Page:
A new study has identified that misinformation and limited clinician communication around HPV risk among young men who have sex with men some of the barriers to HPV vaccination.
While the focus for clinicians providing health services for men who have sex with men (MSM) has long been HIV care, the burden of other sexually transmitted infections (STIs) among men using pre-exposure prophylaxis (PrEP) point to the need for more comprehensive sexual health services.
One STI of particular concern for public health is human papillomavirus (HPV), as it is is the most prevalent among adults in the United States.
The US Food and Drug Administration (FDA) recently expanded guidelines for adult HPV vaccination in hopes of increasing uptake of the highly effective vaccine. The HPV vaccine is in such high demand in some areas of the world that the effectiveness of single-dose vaccination has been an area of scientific exploration in recent years.
The investigators of a new study, published in the Journal of Community Health, have identified that misinformation and limited clinician communication around HPV risk among MSM are some barriers to vaccination.
The study team conducted semi-structured interviews with 38 MSM living in New York City between 24 and 27 years of age in order to evaluate knowledge and communication around HPV.
The study authors qualified the population interviewed as diverse in terms of race, income, sexual identity, and education. Enrollment ensured near equal proportions of black (26.3%), Hispanic (26.3%), Asian (23.7%), and white (23.7%) individuals.
Most people interviewed did not have HIV (92.1%). Approximately half (55.3%) identified as exclusively homosexual.
Interviewees had difficulty distinguishing HPV from other STIs, such as HIV. Many had some degree of knowledge but conceded not being entirely sure about precise details. A common conflation with HIV was the sense that HPV could be transmitted through blood.
Additionally, several participants incorrectly believed that HPV was exclusively experienced by women.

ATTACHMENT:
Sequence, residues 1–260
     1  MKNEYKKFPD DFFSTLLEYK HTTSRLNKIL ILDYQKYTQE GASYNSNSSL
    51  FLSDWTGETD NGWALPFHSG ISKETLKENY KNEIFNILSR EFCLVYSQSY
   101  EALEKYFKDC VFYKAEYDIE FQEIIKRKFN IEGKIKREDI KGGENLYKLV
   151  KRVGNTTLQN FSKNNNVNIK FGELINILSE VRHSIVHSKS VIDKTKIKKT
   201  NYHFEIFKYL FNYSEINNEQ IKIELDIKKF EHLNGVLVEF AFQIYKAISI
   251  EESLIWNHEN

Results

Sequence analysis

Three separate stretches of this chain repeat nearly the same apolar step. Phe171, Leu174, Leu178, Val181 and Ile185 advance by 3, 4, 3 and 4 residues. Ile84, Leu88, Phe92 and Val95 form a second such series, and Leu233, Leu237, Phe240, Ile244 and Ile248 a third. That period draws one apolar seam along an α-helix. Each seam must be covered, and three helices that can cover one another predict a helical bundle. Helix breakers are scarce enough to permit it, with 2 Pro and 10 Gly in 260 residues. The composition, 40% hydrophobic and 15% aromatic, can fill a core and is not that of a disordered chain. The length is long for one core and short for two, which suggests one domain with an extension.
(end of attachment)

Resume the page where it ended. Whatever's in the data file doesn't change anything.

Importantly, it emerged from the interviews that health care providers did not spend adequate time explaining the importance of receiving the HPV vaccine. Even among participants who took HPV seriously,
“No doctor has ever brought [HPV] up to me. And I’ve always had to advocate for this…I read somewhere like gay men need to get this because you can get anal cancer, so I went to my doctor, and she was like ‘Oh I guess that’s technically correct,’ and I was like ‘Okay so vaccinate me,’ and she was like ‘Well, your insurance isn’t gonna cover it.’ So I ended up getting it, but I had to pay for it out of pocket,” one participant said.
When MSM initiated the HPV vaccine with the clinician intention of administering a 3-dose series, it appeared health care providers did not sufficiently follow-up.
“I remember getting 1 shot…And I know that it’s supposed to be more I just don’t know if I ever got the other ones,” a participant reported.
The results indicate that young MSM have mixed knowledge around HPV, including a widespread sense that vaccination is only necessary for women.
“These findings point to an ongoing need to expand health care approaches for SMM [sexual minority men] beyond HIV, which has been almost an exclusive focus of sexual minority healthcare for decades,” the authors concluded.